I am spending June through September 2017 in Maine, Vermont, New Hampshire, and Massachusetts – my first visit to each state! These are the New England Chronicles. Please check back for updates!

Ask Not To Whom To Pay Tolls; The Toll’s For Thee

Have you ever noticed the worst roads in America are tollways? You know, the turnpikes you are paying a direct tax to travel on? A bit ironic, but it makes some sense – most tollways are in the East, pounded by snow, plows, and salt in wintertime. What a guide in Minnesota once quipped holds equally true for New England, “There are two seasons: Winter, and Road Maintenance.”

If you’re coming from the West in a rig, keep your wallet out once you hit Illinois heading east, because you will pay hefty tolls to get to New England. Illinois is the worst, because there seems to be no rhyme or reason for the short distances between booths and the amount of the tolls. I paid as little as $4 and as much as $27 per toll in Illinois. This is the second time I’ve driven through Illinois, and when I do it again I will have an electronic transponder. The time it takes to stop at each booth, and squeezing my way through the booth lanes, mirrors in mortal peril, is vexing. States like Texas and Washington, that mail you a bill based on your license plate, are wonderful, but save Massachusetts, none of the states from Illinois to Maine have such an option.

Tolls seem fewer in Indiana and Ohio. By the time you get to Pennsylvania and New York, taking a ticket on one end and paying on the other is so much more civilized.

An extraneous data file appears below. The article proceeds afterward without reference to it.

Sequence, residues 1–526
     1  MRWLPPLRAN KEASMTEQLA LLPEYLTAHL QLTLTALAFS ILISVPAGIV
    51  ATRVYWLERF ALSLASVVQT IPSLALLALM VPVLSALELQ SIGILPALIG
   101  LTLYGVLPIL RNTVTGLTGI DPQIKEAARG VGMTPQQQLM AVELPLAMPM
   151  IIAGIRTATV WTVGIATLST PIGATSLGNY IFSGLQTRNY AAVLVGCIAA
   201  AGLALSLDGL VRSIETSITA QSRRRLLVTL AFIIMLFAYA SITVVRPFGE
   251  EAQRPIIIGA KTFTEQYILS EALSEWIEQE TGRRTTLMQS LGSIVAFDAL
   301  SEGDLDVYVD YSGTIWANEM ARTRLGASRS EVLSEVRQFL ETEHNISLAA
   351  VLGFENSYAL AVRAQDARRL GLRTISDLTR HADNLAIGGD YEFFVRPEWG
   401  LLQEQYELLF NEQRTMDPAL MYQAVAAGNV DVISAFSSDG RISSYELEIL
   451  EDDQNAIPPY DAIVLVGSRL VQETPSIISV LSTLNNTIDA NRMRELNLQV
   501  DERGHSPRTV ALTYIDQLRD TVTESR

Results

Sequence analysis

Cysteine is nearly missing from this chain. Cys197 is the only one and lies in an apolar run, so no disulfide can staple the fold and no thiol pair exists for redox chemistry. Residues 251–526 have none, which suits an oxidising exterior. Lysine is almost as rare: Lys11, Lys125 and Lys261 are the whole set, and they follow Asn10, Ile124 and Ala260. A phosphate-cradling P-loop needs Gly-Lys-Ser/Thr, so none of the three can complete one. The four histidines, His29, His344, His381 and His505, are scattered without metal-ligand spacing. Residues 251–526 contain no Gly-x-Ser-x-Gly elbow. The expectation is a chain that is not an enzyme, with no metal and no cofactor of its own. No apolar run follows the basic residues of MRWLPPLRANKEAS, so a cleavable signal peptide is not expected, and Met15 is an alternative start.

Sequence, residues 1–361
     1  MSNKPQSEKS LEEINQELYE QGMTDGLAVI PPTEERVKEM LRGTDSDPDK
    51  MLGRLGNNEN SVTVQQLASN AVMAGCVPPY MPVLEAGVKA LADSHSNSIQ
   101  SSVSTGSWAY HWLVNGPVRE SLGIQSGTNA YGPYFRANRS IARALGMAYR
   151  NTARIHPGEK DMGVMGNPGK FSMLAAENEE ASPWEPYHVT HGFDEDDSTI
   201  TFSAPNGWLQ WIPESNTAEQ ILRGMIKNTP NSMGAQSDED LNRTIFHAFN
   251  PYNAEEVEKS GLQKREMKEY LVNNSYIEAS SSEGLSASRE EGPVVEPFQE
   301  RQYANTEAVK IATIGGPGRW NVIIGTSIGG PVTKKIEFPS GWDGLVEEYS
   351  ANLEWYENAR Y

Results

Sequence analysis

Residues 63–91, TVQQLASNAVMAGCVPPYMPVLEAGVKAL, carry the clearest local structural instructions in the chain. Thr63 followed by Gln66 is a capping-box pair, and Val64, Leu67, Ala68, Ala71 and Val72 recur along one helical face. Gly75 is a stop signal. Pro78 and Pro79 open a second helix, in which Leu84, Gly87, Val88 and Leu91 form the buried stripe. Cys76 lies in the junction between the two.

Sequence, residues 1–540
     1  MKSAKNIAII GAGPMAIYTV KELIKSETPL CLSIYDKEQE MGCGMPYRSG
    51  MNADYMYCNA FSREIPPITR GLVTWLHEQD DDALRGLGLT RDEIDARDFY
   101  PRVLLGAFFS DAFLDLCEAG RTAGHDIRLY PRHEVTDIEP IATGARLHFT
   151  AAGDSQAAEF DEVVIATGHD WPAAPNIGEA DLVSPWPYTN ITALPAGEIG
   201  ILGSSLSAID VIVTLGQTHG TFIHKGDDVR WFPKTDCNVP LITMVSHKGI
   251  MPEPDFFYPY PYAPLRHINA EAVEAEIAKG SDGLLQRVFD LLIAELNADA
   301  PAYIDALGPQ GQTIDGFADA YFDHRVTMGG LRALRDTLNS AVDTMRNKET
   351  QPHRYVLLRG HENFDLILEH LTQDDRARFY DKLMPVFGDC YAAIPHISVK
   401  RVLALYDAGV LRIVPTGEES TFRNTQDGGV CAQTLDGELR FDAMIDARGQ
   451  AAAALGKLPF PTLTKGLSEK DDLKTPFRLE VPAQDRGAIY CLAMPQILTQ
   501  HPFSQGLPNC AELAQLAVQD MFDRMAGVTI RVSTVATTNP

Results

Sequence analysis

I thought about traversing only toll-free roads, and from Erie, Pennsylvania to Albany, New York, I took an alternative route to avoid Interstate 90. But, by and large, staying off the interstate takes much more time, and exponentially increases the chances of encountering a bridge, trellis, or railroad right-of-way for which I’m over-weight or over-height, especially in much older New England; can you say covered bridges?

All told, I spent over $200 in tolls between Illinois and Maine.

Yankee Country Dialect

Right away some phrases strike your ear and let you know you are in New England. In Maine, a “Lobster Pound” is not a shelter for homeless or stray lobsters, but a fresh seafood market. In some parts of the country “Lobster Roll” connotes sushi, but in Maine it’s lobster, on bread – a folded piece of Texas toast, brioche – whatevah’s clevah. Lobster pounds usually have a seafood shack/restaurant attached to them, for all your lobster roll and other “seafoods” (yes, they add the “S”) needs.

Pints aren’t just for Allagash beer; they are for seafood too, and you order fried clams or calamari or scallops by the half or whole. And by the way, it’s pronounced “skall-ups.”

New Englanders practice an economy of words. Why say “Lobster by the pound” when you can say “Lobster Pound?” Similarly, why say “Lighthouse” when you can simply say “Light?” At Cape Elizabeth and Portland Head, the lighthouse there is known as the “Portland Head Light,” evoking thoughts of automobiles rather than ships and treacherous rocks.

While woefully overused in film and television about the East Coast, “Wicked” is indeed a part of everyday conversation. The customer getting a pedicure at the nail salon warns that she is “wicked ticklish.” The bartender asks if you want the Bloody Mary “wicked hot.”